Infantile Tay-Sachs is by far the most common form of the disease, but Jashaia developed symptoms late enough to be diagnosed with the rarer juvenile form of Tay-Sachs. Her doctors could offer little in the way of treatment. Jashaia's neurologist did mention that researchers at Duke University Medical Center had begun experimental procedures to see if transplants using umbilical cord blood could help stop the progression of Tay-Sachs. Cord blood is a rich source of stem cells and has shown promise in treating several diseases. Stem cells from bone marrow have been used for decades to treat leukemia, and more recently, oncologists have also been using cord blood for the blood cancer.

That's because stem cells in cord blood have some advantages over those harvested from bone marrow, said Dr. Suhag Parikh, a pediatrician in the blood and bone marrow division of the Duke University Medical Center. Stem cells in umbilical cord blood are less mature and tend to adapt more readily to new hosts than bone marrow stem cells, usually donated by adults, he said. Only about 30 percent to 40 percent of potential bone marrow recipients find a donor with a close enough genetic match for a successful transplant. With cord blood, however, 90 percent of potential transplant patients can be matched, he said. The greater ease in finding genetic matches is valuable for minorities, who are underrepresented on bone marrow registries and, therefore, less likely to find matches.

Cord blood cells, however, are expensive - at least $25,000 per transplant unit. Cord blood does not usually generate enough new cells to treat adults, who require multiple units of cord blood, he said. The use of cord blood to treat Tay-Sachs is relatively new and experimental. By the time Jashaia was referred, Duke had treated only a handful of Tay-Sachs patients. Duke had achieved some success extending the lifespan of children with another fatal disorder called Krabbe disease. Children with Krabbe disease lose motor function and often die before age 2.

Duke researchers found that cord-blood transplants weren't a cure for Krabbe. The transplants did block progression of the rare brain disorder but did not restore function already lost to it. The experience with Krabbe patients made it clear that the earlier in life cord-blood transplants could be done, the greater the potential benefit. Early results with Tay-Sachs patients showed the same pattern. Green-Small said Duke doctors told her before the transplant that, in the best-case scenario, Jashaia's symptoms would stop getting worse. That might mean she would be blind and unable to walk or talk.

"It was kind of like tunnel vision. If we don't do this, she doesn't have a chance," Green-Small said. "And that was something we couldn't accept." "It was that or not have her at all," Dyvon Small said. Dolores Barber, Dyvon's mother, wasn't so sure about the decision. The Hartford woman questioned whether her son and daughter-in-law might be ready to face the reality of caring for a severely disabled child. "I think they really did not know what they were getting into," she said.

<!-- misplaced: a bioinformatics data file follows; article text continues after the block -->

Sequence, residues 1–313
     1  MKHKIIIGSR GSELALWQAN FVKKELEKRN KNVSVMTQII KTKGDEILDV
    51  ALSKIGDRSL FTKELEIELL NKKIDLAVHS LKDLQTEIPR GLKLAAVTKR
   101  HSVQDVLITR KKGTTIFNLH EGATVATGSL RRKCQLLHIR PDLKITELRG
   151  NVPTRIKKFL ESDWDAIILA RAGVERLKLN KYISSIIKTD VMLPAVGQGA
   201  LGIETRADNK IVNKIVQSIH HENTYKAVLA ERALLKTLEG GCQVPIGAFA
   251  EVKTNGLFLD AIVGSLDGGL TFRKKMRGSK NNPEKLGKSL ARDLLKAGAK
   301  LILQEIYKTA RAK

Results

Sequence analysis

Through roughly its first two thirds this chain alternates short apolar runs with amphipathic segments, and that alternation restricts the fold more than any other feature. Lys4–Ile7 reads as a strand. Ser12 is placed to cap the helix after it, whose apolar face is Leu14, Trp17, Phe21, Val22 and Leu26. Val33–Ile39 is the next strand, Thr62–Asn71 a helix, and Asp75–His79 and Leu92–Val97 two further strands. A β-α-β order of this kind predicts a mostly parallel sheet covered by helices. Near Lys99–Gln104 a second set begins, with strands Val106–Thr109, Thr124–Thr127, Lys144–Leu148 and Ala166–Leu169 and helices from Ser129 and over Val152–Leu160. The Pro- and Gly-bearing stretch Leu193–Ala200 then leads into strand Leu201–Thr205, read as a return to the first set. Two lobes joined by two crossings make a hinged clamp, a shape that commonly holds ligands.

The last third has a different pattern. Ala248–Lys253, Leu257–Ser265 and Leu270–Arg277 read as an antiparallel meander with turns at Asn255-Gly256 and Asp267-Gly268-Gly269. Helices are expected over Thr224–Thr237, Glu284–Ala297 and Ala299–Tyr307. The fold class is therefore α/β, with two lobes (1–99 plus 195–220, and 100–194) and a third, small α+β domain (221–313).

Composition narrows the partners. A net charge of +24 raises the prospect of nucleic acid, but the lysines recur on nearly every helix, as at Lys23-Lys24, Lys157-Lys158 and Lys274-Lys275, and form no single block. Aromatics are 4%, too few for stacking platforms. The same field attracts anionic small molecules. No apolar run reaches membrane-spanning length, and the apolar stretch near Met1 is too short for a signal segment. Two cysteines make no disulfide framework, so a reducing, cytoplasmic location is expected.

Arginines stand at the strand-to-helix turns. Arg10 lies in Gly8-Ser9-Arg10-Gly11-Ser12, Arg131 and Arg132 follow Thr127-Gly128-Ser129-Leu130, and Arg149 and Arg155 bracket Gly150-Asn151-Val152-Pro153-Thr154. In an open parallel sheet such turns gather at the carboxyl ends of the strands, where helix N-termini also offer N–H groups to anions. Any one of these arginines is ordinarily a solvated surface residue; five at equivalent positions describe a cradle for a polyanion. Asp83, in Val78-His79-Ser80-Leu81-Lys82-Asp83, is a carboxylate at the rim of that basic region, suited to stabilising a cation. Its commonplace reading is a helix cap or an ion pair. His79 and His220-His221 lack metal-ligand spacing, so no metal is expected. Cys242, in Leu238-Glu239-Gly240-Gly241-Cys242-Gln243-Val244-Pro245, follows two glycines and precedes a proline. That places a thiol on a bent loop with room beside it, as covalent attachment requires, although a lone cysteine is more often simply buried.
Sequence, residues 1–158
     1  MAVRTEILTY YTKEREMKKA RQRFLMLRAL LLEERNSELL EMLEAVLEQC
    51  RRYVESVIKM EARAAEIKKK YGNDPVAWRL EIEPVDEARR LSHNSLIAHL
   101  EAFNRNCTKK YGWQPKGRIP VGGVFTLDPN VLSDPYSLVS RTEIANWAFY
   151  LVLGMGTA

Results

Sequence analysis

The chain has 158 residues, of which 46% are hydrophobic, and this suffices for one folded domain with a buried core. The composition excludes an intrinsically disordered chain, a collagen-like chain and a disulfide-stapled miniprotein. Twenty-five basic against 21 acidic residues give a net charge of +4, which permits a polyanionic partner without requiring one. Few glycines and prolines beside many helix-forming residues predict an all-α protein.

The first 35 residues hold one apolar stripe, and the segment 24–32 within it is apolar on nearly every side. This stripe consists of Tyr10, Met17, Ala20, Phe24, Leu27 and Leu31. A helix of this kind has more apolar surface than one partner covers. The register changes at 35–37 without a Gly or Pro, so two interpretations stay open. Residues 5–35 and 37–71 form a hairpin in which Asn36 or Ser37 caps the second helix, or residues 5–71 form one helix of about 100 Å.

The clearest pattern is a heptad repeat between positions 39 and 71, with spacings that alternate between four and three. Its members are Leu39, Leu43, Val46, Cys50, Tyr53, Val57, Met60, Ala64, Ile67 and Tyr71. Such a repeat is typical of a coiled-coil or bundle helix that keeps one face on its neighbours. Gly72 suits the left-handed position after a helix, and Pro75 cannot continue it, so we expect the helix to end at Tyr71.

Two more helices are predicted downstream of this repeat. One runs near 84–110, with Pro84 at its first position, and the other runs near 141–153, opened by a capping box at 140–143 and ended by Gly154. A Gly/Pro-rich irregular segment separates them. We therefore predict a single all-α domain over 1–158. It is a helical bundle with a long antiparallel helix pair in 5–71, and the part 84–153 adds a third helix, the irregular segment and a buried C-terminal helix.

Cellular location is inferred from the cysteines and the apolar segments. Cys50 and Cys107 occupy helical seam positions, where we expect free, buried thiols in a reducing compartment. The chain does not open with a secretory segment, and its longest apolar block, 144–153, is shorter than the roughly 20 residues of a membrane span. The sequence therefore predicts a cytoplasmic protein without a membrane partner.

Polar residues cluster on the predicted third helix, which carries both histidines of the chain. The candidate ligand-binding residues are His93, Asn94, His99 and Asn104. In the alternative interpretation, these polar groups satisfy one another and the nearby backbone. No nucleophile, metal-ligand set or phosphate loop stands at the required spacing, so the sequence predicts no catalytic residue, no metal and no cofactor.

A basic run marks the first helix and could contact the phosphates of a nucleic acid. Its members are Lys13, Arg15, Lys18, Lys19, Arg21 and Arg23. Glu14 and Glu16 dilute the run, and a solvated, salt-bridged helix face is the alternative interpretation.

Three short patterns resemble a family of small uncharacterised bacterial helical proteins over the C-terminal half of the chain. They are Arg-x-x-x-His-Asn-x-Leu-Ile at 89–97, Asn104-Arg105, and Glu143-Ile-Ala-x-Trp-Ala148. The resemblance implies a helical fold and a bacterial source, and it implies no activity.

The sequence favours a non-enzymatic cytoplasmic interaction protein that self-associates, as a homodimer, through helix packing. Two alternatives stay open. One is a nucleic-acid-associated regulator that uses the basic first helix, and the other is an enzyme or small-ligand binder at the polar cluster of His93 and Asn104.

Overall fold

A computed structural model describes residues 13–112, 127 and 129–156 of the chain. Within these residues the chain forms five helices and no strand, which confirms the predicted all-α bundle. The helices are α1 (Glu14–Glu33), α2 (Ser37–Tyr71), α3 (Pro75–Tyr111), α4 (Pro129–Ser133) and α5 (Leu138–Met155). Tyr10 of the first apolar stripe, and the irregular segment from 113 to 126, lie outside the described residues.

For most of the past five months, the Smalls have lived in North Carolina caring for Jashaia. Barber cares for Dyvon's 12-year-old son, and Nadine's mother, Maggie Anderson of Hartford, is taking care of the couple's two girls as well as Nadine's 12-year-old son. The Smalls have been helped by Dyvon's employer, Waste Management Inc., which negotiated with their insurance carrier to help pick up the cost of the procedure, which the Smalls say has run to about $600,000. Even with the insurance coverage, the Smalls have spent all of their savings and Dyvon Small's retirement account to be with Jashaia. The couple also know now that the cord-blood transplant will not bring back the vivacious baby they knew.

Jashaia barely survived a bout with graft-vs.-host disease, in which the immune system attempts to kill off foreign cells from a transplant. She has had trouble eating and has had to have fluid drained from her lungs. The condition has kept her in and out of the hospital for weeks. It will take doctors as much as a year to know whether the stem cells in the cord blood have begun to block the disease, Parikh said. In the months before the stem cells start working, the neurological damage Jashaia suffers will be irreversible. No matter what the outcome, doctors say they will learn from Jashaia. Is it too late to try cord-blood stem-cell transplants in Tay-Sachs patients at 4 years or 2 years or even 1 year? Duke researchers say they don't know.

"Perhaps we can do a transplant in utero," Parikh said. "I think we need to try to define parameters. How much time do we have?" When Green-Small allows herself to feel optimism, she hopes her daughter will at least retain ability to express herself, an ability she has always had, even though Tay-Sachs robbed her of most of her ability to use words. Green-Small has no doubt the transplant was the right thing to do. "I'll keep fighting for her because she can't fight for herself," she said. "She is the greatest gift I have ever received."

Taken from the Free Republic website: